Animal Farm

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High Country Theatre are presenting a stage adaptation of George Orwell’s classic satire “Animal Farm” in the Jackson Centre at Saumarez Homestead from 31st August to 8th September. We spoke to director Benjamin Thorn.

Why Animal Farm?

Orwell wrote Animal Farm in 1942 as a satire on the Soviet Union, with a group of pigs orchestrating a rebellion and taking over the farm in the cause of equality, which very quickly goes sour. But it is much more than that. Written in 1942, the final chapters are in fact projections into the then future, and it is alarming how accurate Orwell was. Even more important and relevant to our own times is the brilliant portrayal of how truth can become infinitely malleable in the hands of politicians. We see that today in Putin’s Russia, Trump’s America and even, alas, in Australia.

So it is a story for our time?

Very much so. The historical basis is interesting, but not really important in terms of understanding what is going on. More important is the portrayal of bullying, manipulation and exploitation. This comes to a head in the saddest moment in the play, when the draught horse Boxer, who has dedicated his life to Animal Farm and been almost unquestioning about how it has been run, collapses and is immediately sold off to the knackery. But even then the pigs deny that this has happened and insist that he died in hospital with every care, and sound revolutionary slogans on his last breath. Quite where the money for a case of whisky at the party (for pigs only) to commemorate his life came from is, of course, a total mystery.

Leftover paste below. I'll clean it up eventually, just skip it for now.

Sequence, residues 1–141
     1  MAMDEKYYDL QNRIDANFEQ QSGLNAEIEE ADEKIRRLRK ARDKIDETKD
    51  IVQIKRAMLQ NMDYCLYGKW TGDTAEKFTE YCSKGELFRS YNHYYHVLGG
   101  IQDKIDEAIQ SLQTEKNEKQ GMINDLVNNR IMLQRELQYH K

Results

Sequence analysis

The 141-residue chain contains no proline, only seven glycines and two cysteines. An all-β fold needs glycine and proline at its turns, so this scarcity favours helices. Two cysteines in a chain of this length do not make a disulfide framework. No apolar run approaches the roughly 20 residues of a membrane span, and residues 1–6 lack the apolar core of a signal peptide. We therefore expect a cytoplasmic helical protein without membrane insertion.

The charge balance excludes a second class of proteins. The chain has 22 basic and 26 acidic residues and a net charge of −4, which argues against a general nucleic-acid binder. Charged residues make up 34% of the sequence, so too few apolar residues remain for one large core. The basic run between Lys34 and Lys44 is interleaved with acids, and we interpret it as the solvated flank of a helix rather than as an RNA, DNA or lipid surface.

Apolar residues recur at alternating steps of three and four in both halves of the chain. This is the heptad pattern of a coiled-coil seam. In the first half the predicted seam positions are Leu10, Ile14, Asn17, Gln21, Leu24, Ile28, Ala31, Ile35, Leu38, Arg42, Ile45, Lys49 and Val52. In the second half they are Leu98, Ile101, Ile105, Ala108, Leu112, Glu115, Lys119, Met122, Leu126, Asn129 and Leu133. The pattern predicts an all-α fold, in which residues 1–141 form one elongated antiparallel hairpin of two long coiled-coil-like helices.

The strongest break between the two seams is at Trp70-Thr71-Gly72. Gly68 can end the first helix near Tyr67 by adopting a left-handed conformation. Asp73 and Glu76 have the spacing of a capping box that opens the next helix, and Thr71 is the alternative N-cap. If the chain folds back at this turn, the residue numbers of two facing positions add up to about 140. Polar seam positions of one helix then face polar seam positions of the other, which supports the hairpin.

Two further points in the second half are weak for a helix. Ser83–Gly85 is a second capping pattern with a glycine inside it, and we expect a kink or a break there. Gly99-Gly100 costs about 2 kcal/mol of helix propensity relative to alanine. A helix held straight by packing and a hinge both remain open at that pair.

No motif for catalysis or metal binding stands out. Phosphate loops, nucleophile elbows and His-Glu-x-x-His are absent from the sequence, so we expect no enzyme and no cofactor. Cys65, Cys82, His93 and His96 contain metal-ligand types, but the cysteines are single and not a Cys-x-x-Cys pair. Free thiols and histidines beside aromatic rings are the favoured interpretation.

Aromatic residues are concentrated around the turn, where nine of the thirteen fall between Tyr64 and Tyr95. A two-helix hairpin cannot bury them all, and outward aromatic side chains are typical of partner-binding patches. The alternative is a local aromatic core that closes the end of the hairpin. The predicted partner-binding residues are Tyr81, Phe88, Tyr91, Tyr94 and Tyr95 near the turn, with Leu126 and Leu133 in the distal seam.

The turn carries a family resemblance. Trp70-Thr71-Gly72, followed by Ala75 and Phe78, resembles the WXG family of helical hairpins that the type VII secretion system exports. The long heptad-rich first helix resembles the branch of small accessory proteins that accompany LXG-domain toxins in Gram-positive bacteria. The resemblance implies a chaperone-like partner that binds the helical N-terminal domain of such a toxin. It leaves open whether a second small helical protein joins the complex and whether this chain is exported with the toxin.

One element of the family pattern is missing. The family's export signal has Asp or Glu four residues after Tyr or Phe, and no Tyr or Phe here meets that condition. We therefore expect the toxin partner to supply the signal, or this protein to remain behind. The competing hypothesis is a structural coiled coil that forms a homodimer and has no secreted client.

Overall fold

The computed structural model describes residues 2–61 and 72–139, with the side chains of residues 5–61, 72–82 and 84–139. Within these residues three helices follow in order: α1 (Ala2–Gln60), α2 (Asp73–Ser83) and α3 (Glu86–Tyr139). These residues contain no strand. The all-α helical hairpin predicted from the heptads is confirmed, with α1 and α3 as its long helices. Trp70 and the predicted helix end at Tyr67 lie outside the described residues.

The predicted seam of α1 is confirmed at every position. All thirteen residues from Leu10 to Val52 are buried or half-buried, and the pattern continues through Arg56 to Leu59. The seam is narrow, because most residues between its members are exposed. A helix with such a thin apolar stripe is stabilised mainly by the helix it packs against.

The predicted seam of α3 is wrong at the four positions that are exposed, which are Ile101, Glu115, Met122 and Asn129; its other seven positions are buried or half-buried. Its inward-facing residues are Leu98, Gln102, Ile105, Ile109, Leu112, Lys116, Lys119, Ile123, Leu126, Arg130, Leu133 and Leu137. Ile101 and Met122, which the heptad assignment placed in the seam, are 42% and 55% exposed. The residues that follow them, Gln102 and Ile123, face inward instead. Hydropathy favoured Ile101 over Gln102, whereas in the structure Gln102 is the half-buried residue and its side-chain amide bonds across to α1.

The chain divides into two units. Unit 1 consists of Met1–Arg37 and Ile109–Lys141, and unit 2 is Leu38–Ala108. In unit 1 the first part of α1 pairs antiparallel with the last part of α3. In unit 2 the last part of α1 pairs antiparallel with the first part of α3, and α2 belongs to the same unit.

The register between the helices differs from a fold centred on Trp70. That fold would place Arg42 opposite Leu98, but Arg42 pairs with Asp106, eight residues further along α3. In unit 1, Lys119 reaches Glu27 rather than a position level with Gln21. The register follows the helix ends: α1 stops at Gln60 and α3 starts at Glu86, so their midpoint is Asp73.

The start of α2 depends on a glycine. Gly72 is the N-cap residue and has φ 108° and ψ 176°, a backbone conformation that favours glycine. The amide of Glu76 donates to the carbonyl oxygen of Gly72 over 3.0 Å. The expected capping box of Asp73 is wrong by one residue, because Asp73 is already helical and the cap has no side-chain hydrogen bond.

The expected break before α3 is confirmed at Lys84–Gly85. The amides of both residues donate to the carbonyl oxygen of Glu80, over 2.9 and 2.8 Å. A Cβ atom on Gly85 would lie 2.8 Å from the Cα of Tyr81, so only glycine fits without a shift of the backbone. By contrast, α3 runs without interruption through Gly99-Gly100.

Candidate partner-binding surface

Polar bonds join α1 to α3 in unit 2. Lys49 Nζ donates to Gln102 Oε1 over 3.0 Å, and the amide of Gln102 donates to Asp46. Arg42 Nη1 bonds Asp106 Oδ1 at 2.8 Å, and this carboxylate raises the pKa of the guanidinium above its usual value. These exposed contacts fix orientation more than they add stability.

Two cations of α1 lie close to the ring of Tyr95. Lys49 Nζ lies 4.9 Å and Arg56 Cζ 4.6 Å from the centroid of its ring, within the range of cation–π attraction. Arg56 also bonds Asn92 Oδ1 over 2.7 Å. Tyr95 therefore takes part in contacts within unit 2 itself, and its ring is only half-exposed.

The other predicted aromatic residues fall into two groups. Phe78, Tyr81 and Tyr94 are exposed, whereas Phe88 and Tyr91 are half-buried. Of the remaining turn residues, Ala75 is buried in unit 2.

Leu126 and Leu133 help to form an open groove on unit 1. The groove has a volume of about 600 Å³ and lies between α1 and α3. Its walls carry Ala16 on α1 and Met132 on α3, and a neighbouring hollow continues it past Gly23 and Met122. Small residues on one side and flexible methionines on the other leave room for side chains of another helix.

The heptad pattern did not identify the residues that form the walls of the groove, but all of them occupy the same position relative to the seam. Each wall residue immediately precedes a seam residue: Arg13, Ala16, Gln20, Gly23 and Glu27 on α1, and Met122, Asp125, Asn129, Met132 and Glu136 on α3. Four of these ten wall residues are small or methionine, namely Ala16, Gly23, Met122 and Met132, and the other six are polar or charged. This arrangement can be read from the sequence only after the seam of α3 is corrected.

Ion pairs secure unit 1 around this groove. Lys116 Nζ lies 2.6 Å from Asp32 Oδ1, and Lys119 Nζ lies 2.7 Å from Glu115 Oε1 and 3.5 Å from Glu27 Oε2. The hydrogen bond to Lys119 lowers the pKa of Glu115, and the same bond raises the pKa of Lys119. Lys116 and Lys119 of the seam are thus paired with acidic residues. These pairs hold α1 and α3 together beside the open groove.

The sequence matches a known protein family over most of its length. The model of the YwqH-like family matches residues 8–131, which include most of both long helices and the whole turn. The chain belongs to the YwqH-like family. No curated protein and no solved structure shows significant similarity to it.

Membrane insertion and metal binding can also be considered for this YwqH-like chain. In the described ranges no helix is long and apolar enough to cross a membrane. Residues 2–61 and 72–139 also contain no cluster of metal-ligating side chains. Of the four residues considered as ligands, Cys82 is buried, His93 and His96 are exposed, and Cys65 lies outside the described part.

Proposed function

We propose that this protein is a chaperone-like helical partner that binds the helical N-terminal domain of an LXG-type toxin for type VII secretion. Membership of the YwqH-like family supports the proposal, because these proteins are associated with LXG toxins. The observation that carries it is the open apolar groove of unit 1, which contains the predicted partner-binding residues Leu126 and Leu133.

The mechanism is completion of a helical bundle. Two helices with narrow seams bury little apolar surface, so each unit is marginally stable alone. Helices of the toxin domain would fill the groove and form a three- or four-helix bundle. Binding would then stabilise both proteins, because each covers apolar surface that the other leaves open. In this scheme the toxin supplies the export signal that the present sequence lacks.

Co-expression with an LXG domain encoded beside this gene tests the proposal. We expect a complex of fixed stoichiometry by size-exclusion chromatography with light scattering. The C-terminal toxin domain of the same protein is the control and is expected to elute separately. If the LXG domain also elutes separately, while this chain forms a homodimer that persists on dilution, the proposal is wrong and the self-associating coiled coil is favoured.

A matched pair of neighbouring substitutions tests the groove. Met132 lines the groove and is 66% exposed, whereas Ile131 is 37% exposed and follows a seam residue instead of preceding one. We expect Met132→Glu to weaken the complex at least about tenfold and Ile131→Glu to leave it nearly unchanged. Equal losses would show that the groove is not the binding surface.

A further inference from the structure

How are you portraying the animals?

This was an interesting problem, since the animals have to be presented as animals or the recurring slogan of the sheep “Four Legs Good, Two Legs Bad!” doesn’t make sense. Most of the animals are therefore puppets manipulated by actor/puppeteers in black. Donna Wainohu and I have created some wonderful cut-outs with moving parts. The most important roles are played by actors in open masks that allow greater expression. And there are human roles as well.

Who is in the cast?

We have a large cast of about fifteen actors, some of whom are playing multiple roles. In the main roles we have Nick Troon playing Benjamin the donkey, who acts as the narrator of the story, Gordon Cope as Old Major, Claire Wall as Napoleon, Ethan Hinds as Snowball and Julie Collins as Squealer.

Where and when is it being performed?

Since it is Animal Farm we thought it would be really good to perform it on a farm, and therefore it is being staged in the Jackson Centre at Saumarez Homestead. The Jackson Centre is a large barn with a couple of rooms in the middle that will become part of the set. It is fairly enclosed, so we will be able to heat it, but do wear warm clothes. Performances will be on Friday and Saturday nights at 7:30pm from 31st August to 8th September, with matinees at 2:30pm on the Saturdays. 

Where can we get tickets?

Tickets will be available online from Trybooking: or at the door. Seating is limited, so booking would be a good idea.

So why should everyone come and see it?

Animal Farm is a classic piece of 20th Century English literature, which is often part of the school syllabus, and which has continuing relevance for our time. It is being presented in an innovative and engaging theatrical way and should appeal to a wide audience. I look forward to seeing you there!

Thanks Benjamin.

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